Italian study group

An area with study groups for various languages. Group members help each other, share resources and experience. Study groups are permanent but the members rotate and change.
dampingwire
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Re: Italian study group

Postby dampingwire » Sat Sep 07, 2019 11:12 pm

The Corriere della Sera used to have a feature where you could click on a word in an article and you'd get the definition in Italian but also in English and French. That no longer seems to be there.

If you're OK with just Italian then these seem to be quite good:

http://www.grandidizionari.it/Dizionario_Italiano/

and

http://www.treccani.it/vocabolario/
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StringerBell
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Re: Italian study group

Postby StringerBell » Sat Sep 07, 2019 11:47 pm

Are you talking about for use on a computer or a device? On the computer I often use Reverso Context. It's not perfect, but it's decent at recognizing idioms and expressions, and even what I'm trying to type when I misspell something.

https://context.reverso.net/translation ... n-english/
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Re: Italian study group

Postby IronMike » Sun Sep 08, 2019 12:05 am

StringerBell wrote:Are you talking about for use on a computer or a device? On the computer I often use Reverso Context. It's not perfect, but it's decent at recognizing idioms and expressions, and even what I'm trying to type when I misspell something.

https://context.reverso.net/translation ... n-english/

I'm talking about on my iPhone. Mostly because I need one while I'm on the train. I will try the Reverso Context on the computer though. Grazie!
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jeff_lindqvist
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Re: Italian study group

Postby jeff_lindqvist » Sun Sep 08, 2019 7:22 am

dampingwire wrote:lascio loro un messaggio would work but not loro lascio un messagio, which is where the blank would lead you.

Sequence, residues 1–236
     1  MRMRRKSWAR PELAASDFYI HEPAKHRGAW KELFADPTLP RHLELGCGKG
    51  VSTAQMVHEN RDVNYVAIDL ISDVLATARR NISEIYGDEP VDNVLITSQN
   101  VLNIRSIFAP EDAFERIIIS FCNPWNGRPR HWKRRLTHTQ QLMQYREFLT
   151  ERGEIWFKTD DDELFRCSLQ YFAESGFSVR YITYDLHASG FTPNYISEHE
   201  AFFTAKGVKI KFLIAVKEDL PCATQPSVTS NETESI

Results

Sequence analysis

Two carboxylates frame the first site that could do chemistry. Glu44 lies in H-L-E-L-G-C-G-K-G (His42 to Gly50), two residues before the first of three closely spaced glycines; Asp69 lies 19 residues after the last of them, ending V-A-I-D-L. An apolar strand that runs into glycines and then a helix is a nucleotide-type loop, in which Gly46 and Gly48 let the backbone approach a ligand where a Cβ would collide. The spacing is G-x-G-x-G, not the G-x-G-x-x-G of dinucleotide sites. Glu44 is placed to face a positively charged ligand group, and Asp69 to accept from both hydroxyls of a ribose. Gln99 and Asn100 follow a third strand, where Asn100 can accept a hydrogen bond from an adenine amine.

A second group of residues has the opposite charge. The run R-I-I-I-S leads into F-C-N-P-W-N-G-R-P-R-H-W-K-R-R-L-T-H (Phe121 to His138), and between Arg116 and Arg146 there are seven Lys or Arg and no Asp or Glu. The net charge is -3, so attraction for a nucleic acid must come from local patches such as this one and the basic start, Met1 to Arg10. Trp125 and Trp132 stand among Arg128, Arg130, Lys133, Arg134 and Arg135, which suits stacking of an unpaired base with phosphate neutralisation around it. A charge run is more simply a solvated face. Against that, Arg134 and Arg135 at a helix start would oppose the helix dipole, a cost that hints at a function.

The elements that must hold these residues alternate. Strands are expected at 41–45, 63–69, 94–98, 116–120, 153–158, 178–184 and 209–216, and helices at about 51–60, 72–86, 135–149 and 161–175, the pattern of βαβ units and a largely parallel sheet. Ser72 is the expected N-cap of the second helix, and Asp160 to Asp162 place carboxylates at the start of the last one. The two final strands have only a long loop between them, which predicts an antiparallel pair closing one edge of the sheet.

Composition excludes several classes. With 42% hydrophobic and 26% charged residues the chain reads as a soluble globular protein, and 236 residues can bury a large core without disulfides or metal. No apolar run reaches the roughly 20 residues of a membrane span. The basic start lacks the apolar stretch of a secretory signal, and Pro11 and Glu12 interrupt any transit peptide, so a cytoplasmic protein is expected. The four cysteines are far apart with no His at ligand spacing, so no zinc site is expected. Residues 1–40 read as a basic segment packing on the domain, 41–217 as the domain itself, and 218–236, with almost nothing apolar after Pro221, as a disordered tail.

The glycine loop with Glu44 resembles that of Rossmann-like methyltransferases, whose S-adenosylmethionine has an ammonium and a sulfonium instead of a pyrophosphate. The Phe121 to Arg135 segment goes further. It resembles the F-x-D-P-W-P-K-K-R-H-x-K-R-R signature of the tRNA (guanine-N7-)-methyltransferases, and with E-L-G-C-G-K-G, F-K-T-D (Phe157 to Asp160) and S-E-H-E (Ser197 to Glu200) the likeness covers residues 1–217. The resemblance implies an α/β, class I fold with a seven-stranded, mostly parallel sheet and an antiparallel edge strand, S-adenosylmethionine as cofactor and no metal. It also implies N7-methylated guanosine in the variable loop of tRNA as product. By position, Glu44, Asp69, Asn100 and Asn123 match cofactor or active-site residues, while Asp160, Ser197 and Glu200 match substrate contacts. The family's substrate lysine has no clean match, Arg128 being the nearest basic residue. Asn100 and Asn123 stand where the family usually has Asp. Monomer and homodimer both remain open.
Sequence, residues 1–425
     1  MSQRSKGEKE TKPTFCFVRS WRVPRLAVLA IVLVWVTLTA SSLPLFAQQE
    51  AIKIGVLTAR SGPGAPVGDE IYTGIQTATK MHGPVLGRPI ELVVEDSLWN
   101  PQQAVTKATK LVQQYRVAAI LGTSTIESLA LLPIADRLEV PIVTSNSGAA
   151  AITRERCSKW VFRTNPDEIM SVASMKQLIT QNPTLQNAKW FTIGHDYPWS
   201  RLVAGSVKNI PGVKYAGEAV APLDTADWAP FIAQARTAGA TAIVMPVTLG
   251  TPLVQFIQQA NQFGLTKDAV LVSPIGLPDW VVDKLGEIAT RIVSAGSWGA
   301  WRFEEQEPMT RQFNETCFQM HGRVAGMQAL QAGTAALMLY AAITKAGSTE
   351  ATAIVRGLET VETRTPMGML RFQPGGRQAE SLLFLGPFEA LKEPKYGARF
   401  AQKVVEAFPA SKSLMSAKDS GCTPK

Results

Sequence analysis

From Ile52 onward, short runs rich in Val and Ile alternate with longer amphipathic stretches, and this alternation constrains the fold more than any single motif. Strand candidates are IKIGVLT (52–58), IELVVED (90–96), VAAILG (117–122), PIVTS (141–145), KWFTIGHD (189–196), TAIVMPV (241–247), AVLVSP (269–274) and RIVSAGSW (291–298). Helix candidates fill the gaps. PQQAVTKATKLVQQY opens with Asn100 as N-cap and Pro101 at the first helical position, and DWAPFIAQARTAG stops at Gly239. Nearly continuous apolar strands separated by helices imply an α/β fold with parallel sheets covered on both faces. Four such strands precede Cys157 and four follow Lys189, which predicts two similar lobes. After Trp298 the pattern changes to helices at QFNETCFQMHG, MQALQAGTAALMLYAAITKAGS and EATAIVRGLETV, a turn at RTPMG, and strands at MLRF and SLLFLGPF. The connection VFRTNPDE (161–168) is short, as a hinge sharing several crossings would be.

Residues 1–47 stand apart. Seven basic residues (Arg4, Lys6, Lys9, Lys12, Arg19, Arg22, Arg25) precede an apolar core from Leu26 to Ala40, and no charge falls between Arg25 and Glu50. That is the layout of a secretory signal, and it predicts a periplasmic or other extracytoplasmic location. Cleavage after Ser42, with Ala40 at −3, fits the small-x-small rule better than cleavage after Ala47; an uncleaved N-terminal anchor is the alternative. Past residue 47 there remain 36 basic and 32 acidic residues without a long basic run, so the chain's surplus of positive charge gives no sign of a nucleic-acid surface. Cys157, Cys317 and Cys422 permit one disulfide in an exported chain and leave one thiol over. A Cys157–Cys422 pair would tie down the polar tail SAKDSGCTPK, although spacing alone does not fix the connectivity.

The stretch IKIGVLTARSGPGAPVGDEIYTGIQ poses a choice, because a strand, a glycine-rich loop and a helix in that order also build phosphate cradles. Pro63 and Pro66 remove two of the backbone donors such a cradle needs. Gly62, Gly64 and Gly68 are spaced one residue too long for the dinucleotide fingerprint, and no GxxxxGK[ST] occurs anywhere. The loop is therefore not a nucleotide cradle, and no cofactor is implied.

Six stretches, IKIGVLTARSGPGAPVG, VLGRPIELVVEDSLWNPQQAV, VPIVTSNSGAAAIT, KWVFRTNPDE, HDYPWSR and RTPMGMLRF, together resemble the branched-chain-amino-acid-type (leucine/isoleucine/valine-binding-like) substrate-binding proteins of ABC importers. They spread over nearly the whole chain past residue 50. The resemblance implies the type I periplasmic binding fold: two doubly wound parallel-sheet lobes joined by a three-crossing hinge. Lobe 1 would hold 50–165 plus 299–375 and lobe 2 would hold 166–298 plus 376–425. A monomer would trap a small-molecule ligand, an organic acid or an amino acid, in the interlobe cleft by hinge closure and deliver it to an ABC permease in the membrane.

gli is what I would probably say. I suspect that's acceptable in speech but perhaps not in writing now (and not acceptable in either for my parents' generation).


Grazie. So, gli in speech, but in writing? Loro?
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dampingwire
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Re: Italian study group

Postby dampingwire » Mon Sep 09, 2019 11:05 pm

jeff_lindqvist wrote:
dampingwire wrote:lascio loro un messaggio would work but not loro lascio un messagio, which is where the blank would lead you.

gli is what I would probably say. I suspect that's acceptable in speech but perhaps not in writing now (and not acceptable in either for my parents' generation).


Grazie. So, gli in speech, but in writing? Loro?


That would be my gut feel, but as with all these things, I expect that you'll encounter both "gli" and "loro" in both forms, with the former on the way up and the latter on the way down.
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dampingwire
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Re: Italian study group

Postby dampingwire » Thu Oct 10, 2019 8:12 pm

PfifltriggPi wrote:I've been using Wordreference. So far it's been quite nice, although I must admit the website is a bit more userfriendly than the app. In addition to bilingual Italian-English/English-Italian modes, it also has an Italian monolingual dictionary and a verb conjugator. I'm still trying to find a good French-Italian dictionary, either online, in paper or preferably both though, so I'll update if I do.